12 volt Power Installation

I spent several weeks, no, actually several months, trying to decide how I would run the power for my new installation.  I already had the cables left over from a previous mobile installation.  The red B+ cable was a #8 so I choose to run a double cable for it.  The #8 would have handled the rig's current requirements but I always liked to provided plenty of overhead should I decide to add something bigger.  It's not as difficult to oversupply current at the initial installation than it is to try to add something at a later date.  If I'm going up the hill for water and I only needed a gallon, I'll take a two gallon bucket, just in case more has become available.

The negative cable I had was a #4 so I was quite sure that would handle anything I wanted to put to it.  I also ran an extra #8 red cable to provided power to my VHF/UHF transceiver.  Those three runs:  a. 2 - #8 for +12 v., b. 1 - #8 for +12v., and c. 1 - #4 for -12v. were all fused separately.

I studied the firewall of the Tahoe, searching for a "GM-provided" hole but never could find anything adequate.  A local man who had installed several high-powered stereo sound systems said he always just "poked a hole" through the boot surrounding the steering column but he wasn't taking on any more jobs at the time (I realized later that this was to my advantage).  Finally, after seeing no easy way for someone of my age and size to get through the firewall, I called a stereo/sound system installer in Tulsa.  They had just installed a large stereo in a Tahoe a few days before so I was already encouraged.  I made an appointment for several days later and took it in.

The fellow who did the work allowed me to watch and he seemed to know exactly what he was doing.  The visions of squirting brake fluid and wild sparks flying soon left me and I watched him as someone might stand back and watch an artist at work.  The complete job took just about an hour and cost me $50.   Having already studied what I might have to go through with no assurance of a similar successful outcome, I thought it was money well spent.

He knew just the right place to drill to avoid problems and he dressed down the sharp edges of the hole and used a large plastic grommet, large enough to clear all of my cables.  He used cable ties where needed and did a nice job.  I've tried to take some pictures of just where the hole was made and it's quite difficult to see exactly where it is due to all the brackets, hoses, and other cables which block the view.  The following pictures might help someone trying to duplicate the feat, should you be braver than I and want to save some money.  Although these pictures don't provide a perfect view of the hole, perhaps there are enough of the pictures for a person to recognize surrounding pieces and items and get a good idea for themselves.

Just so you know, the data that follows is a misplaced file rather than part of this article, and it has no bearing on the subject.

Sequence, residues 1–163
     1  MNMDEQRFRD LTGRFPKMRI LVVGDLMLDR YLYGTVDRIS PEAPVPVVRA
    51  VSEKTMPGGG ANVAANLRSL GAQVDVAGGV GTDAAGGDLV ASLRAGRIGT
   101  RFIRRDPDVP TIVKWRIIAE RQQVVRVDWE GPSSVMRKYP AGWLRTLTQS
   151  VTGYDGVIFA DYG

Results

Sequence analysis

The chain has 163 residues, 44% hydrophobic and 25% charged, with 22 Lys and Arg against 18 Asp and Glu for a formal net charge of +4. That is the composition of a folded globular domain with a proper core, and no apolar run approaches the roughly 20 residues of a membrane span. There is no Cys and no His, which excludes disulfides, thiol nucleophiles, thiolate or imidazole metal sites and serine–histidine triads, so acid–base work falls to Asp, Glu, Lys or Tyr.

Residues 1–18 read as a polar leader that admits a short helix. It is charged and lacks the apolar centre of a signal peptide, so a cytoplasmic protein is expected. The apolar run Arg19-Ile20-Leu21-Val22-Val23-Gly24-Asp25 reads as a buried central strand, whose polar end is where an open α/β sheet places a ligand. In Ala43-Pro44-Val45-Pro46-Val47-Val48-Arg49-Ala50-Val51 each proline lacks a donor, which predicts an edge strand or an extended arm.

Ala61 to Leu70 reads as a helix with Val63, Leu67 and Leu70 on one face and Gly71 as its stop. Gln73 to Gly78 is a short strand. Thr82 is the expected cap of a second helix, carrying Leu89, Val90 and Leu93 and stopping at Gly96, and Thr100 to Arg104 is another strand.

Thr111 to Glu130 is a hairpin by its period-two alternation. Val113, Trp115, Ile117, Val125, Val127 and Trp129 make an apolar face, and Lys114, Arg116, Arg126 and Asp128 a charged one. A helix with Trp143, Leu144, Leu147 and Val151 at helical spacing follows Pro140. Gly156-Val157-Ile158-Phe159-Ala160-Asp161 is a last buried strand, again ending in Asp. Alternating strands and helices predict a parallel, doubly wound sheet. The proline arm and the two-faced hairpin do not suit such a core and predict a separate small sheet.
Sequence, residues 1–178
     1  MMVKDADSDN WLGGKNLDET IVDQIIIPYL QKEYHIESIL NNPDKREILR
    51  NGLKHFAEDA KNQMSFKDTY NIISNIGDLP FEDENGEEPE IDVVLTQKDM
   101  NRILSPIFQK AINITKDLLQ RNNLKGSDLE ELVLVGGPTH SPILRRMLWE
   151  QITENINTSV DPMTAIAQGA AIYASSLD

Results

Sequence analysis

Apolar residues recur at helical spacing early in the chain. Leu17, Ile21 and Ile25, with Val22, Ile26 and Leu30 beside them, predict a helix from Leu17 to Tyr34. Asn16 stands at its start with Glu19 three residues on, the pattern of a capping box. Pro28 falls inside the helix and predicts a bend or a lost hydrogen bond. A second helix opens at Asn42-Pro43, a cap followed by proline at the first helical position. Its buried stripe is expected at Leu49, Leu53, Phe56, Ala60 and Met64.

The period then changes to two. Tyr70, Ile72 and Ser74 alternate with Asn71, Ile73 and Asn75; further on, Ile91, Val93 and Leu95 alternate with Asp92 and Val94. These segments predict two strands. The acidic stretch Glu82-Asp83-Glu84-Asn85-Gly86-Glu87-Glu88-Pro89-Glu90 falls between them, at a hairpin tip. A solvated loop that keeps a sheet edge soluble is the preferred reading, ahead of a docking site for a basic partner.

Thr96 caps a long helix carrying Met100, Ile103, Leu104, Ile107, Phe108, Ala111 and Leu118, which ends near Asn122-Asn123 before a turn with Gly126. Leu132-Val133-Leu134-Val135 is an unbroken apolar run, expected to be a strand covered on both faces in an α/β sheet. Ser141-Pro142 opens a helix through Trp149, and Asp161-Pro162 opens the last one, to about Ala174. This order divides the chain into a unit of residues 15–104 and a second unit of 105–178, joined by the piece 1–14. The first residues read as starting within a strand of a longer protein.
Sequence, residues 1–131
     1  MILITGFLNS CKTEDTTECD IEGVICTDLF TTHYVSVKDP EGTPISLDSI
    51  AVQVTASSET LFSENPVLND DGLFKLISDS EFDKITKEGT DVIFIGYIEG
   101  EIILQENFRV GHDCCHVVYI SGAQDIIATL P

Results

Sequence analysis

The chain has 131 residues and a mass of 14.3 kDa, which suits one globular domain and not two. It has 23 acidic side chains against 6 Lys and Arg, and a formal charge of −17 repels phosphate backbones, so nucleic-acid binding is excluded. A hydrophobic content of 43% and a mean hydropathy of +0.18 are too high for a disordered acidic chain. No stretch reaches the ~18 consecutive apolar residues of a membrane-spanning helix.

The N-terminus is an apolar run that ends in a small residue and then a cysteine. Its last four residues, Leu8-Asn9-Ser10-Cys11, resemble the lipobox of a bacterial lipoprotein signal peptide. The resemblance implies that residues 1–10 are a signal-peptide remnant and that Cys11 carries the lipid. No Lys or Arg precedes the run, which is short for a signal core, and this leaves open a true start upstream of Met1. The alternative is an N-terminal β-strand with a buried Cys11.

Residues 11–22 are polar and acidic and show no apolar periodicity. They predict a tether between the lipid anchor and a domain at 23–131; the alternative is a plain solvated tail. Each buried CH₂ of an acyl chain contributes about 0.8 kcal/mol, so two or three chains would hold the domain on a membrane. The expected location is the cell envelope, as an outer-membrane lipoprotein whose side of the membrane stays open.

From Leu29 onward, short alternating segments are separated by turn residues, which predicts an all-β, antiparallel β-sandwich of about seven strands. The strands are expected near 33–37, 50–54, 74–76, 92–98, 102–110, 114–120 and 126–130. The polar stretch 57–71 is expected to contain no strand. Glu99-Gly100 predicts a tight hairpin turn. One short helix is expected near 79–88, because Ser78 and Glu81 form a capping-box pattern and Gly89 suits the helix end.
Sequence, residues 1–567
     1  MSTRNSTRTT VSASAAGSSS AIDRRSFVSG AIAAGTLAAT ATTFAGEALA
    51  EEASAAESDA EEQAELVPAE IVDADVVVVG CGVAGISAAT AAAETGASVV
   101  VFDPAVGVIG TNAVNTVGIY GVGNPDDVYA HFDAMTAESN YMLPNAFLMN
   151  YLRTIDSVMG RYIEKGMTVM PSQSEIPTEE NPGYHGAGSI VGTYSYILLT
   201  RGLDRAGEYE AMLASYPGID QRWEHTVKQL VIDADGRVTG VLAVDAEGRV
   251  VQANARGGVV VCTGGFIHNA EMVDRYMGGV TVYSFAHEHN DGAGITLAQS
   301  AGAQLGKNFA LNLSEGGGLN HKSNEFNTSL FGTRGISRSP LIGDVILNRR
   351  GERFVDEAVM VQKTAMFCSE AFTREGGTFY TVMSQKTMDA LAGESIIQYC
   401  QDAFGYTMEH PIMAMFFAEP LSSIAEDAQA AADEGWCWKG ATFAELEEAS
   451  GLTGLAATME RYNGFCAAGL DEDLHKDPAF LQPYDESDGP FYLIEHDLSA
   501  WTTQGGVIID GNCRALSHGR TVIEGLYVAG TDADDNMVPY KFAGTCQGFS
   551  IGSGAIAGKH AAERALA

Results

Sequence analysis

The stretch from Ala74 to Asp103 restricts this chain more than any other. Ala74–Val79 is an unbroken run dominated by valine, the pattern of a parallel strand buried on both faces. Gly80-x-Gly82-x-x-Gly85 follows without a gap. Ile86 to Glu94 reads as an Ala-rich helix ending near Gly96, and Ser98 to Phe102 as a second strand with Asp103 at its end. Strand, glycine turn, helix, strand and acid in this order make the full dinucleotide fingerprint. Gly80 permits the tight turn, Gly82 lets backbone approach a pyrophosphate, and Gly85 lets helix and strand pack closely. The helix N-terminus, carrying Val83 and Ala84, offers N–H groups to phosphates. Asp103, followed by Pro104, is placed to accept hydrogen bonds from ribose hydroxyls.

You can get a better look at these pictures, a larger version, by clicking on the picture.  Some of the pictures have been photographically enhanced so you can see better but still, it is very difficult to show a good picture down in the bowels of the vehicle.  Too many braces, brackets, and pieces in the way of a good picture.  Sorry.

Firewall 1.JPG (20711 bytes)  This picture shows the power cables entering the hole and grommet.

Firewall 2.JPG (32515 bytes)  A side view standing on the driver's side and shooting through a fender bracket.

Firewall 3.JPG (36653 bytes)  This shows the cables as they disappear down toward the hole and grommet.

Firewall 4.JPG (27270 bytes)  Perhaps you can recognize similar hoses and pieces to give a better idea where the cables are entering.

Firewall 5.JPG (28103 bytes)  Again, shooting through the fender bracket.

Firewall 6.JPG (35315 bytes)  Also through the fender bracket

Firewall 7.JPG (23670 bytes)  Here the cables are drawn together as they enter the firewall.

Firewall 8.JPG (40154 bytes)  This is a higher-angled shot with the fender bracket more clearly defined.

Firewall 9.JPG (15395 bytes)  Firewall 9mod.jpg (36614 bytes)  This would have been the best shot showing cables as they enter the firewall through the grommet but it was difficult to light that area.  The picture beside the original is an attempt at photo enhancement.  Perhaps it will help somewhat.

Firewall Inside 1.JPG (26306 bytes)  This view, from the inside is by standing beside the driver's seat.  The cables come through the firewall near where the driver's left foot would be (assuming that the driver is seated correctly in the seat.)


Under the hood you can see the power cables, obviously before they had been hooked to the fuses and the actual power.

Power cables 1.JPG (36005 bytes)  The cables here are passing over the plastic box containing the vehicle's fuses and circuit breakers.  Here they travel downward and through the grommet and through the firewall.